Policy ForumReproducibility

Enhancing reproducibility for computational methods

See allHide authors and affiliations

Science  09 Dec 2016:
Vol. 354, Issue 6317, pp. 1240-1241
DOI: 10.1126/science.aah6168

Over the past two decades, computational methods have radically changed the ability of researchers from all areas of scholarship to process and analyze data and to simulate complex systems. But with these advances come challenges that are contributing to broader concerns over irreproducibility in the scholarly literature, among them the lack of transparency in disclosure of computational methods. Current reporting methods are often uneven, incomplete, and still evolving. We present a novel set of Reproducibility Enhancement Principles (REP) targeting disclosure challenges involving computation. These recommendations, which build upon more general proposals from the Transparency and Openness Promotion (TOP) guidelines (1) and recommendations for field data (2), emerged from workshop discussions among funding agencies, publishers and journal editors, industry participants, and researchers representing a broad range of domains. Although some of these actions may be aspirational, we believe it is important to recognize and move toward ameliorating irreproducibility in computational research.

Access to the computational steps taken to process data and generate findings is as important as access to data themselves. Computational steps can include information that details the treatment of outliers and missing values or gives the full set of model parameters used. Unfortunately, reporting of and access to such information is not routine in the scholarly literature (3). Although independent reimplementation of an experiment can provide important scientific evidence regarding a discovery and is a practice we wish to encourage, access to the underlying software and data is key to understanding how computational results were derived and to reconciling any differences that might arise between independent replications (4). We thus focus on the ability to rerun the same computational steps on the same data the original authors used as a minimum dissemination standard (5, 6), which includes workflow information that explains what raw data and intermediate results are input to which computations (7). Access to the data and code that underlie discoveries can also enable downstream scientific contributions, such as meta-analyses, reuse, and other efforts that include results from multiple studies.


Share data, software, workflows, and details of the computational environment that generate published findings in open trusted repositories. The minimal components that enable independent regeneration of computational results are the data, the computational steps that produced the findings, and the workflow describing how to generate the results using the data and code, including parameter settings, random number seeds, make files, or function invocation sequences (8, 9).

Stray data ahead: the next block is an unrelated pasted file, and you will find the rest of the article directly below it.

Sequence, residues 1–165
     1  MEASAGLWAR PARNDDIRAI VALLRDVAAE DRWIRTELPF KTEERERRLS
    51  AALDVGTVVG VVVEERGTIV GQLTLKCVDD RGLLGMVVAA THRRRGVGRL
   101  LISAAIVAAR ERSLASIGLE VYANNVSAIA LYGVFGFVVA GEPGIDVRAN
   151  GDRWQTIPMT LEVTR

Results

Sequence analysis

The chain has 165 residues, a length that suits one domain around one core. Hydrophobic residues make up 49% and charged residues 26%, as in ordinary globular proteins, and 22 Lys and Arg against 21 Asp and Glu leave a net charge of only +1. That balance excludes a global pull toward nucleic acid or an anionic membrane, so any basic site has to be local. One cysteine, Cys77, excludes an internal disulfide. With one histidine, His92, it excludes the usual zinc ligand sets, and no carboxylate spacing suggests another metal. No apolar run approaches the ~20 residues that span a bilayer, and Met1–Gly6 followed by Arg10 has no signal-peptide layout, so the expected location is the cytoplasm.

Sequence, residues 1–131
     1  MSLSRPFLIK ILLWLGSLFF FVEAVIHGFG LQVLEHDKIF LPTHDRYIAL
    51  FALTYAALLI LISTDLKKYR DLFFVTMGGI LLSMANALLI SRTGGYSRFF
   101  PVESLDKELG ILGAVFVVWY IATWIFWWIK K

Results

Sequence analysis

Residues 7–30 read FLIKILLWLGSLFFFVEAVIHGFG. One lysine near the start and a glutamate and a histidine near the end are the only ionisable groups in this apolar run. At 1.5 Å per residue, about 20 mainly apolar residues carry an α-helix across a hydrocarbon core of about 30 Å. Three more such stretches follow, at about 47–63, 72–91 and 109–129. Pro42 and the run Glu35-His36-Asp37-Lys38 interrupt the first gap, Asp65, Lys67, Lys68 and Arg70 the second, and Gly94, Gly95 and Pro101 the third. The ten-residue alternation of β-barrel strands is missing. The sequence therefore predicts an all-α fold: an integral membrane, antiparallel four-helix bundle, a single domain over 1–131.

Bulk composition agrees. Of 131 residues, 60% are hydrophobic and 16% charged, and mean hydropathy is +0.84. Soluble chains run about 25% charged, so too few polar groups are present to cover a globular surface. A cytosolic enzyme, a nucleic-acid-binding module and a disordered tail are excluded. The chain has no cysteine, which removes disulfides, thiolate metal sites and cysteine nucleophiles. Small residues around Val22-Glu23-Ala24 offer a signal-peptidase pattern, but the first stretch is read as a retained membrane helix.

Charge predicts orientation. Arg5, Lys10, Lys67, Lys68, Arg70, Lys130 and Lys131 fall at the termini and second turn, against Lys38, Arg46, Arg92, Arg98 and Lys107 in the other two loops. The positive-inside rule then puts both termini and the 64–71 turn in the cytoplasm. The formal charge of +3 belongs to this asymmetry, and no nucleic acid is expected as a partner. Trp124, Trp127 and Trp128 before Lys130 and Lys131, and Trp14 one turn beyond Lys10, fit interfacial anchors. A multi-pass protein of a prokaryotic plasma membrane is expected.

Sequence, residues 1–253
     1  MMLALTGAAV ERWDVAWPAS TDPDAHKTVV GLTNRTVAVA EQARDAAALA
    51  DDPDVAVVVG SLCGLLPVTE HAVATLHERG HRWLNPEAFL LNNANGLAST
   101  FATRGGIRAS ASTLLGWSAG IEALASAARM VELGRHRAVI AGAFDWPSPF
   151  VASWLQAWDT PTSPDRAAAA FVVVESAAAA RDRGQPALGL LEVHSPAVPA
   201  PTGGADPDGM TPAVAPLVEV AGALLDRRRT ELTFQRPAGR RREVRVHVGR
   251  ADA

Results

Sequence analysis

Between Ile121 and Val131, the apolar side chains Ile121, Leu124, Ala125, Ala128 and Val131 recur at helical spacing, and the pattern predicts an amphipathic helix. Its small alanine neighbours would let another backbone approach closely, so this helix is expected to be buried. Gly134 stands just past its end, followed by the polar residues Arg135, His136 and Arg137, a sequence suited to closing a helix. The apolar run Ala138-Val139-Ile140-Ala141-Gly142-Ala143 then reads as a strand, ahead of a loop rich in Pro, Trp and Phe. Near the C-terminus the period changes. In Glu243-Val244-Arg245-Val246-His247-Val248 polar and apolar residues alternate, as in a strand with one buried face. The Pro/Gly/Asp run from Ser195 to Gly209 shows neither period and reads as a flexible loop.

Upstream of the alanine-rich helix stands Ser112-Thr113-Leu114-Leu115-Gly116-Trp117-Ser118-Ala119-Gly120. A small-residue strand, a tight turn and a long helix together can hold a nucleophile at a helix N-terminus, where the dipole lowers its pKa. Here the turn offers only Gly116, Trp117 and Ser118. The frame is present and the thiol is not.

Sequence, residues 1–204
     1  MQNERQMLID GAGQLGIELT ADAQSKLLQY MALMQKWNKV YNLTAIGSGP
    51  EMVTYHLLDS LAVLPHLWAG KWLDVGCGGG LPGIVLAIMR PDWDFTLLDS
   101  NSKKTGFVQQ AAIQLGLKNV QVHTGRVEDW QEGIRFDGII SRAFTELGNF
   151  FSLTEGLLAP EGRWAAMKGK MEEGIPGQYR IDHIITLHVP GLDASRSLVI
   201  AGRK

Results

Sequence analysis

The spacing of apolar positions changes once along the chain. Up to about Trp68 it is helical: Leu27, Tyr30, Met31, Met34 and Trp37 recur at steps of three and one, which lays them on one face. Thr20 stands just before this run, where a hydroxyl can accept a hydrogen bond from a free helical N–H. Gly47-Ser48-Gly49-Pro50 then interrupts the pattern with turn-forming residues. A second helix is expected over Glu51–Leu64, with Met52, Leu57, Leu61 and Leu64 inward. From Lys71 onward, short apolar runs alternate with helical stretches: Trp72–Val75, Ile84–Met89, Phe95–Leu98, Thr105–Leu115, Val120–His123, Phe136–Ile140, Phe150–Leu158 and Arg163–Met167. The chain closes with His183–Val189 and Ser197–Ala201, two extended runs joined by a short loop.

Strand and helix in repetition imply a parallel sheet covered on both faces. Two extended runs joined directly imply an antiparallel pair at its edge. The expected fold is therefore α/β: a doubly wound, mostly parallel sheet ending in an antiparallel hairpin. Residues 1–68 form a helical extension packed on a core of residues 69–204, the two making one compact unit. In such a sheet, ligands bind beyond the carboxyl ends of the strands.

Often the only clean path to the results is presented in a publication, even though many paths may have been explored. To minimize potential bias in reporting, we recommend that negative results and the relevant spectrum of explored paths be reported. This places results in better context, provides a sense of potential multiple comparisons in the analyses, and saves time and effort for other researchers who might otherwise explore already traversed, unfruitful paths.

Persistent links should appear in the published article and include a permanent identifier for data, code, and digital artifacts upon which the results depend. Data and code underlying discoveries must be discoverable from the related publication, accessible, and reusable. A unique identifier should be assigned for each artifact by the article publisher or repository. We recommend digital object identifiers (DOIs) so that it is possible to discover related data sets and code through the DOI structure itself, for example, using a hierarchical schema. We advocate sharing digital scholarly objects in open trusted repositories that are crawled by search engines. Sufficient metadata should be provided for someone in the field to use the shared digital scholarly objects without resorting to contacting the original authors (i.e., http://bit.ly/2fVwjPH). Software metadata should include, at a minimum, the title, authors, version, language, license, Uniform Resource Identifier/DOI, software description (including purpose, inputs, outputs, dependencies), and execution requirements.

Embedded Image

To enable credit for shared digital scholarly objects, citation should be standard practice. All data, code, and workflows, including software written by the authors, should be cited in the references section (10). We suggest that software citation include software version information and its unique identifier in addition to other common aspects of citation.

To facilitate reuse, adequately document digital scholarly artifacts. Software and data should include adequate levels of documentation to enable independent reuse by someone skilled in the field. Best practice suggests that software include a test suite that exercises the functionality of the software (10).

Use Open Licensing when publishing digital scholarly objects. Intellectual property laws typically require permission from the authors for artifact reuse or reproduction. As author-generated code and workflows fall under copyright, and data may as well, we recommend using the Reproducible Research Standard (RRS) to maximize utility to the community and to enable verification of findings (11). The RRS recommends attribution-only licensing, e.g., the MIT License or the modified Berkeley Software Distribution (BSD) License for software and workflows; the Creative Commons Attribution (CC-BY) license for media; and public domain dedication for data. The RRS and principles of open licensing should be clearly explained to authors by journals, to ensure long-term open access to digital scholarly artifacts.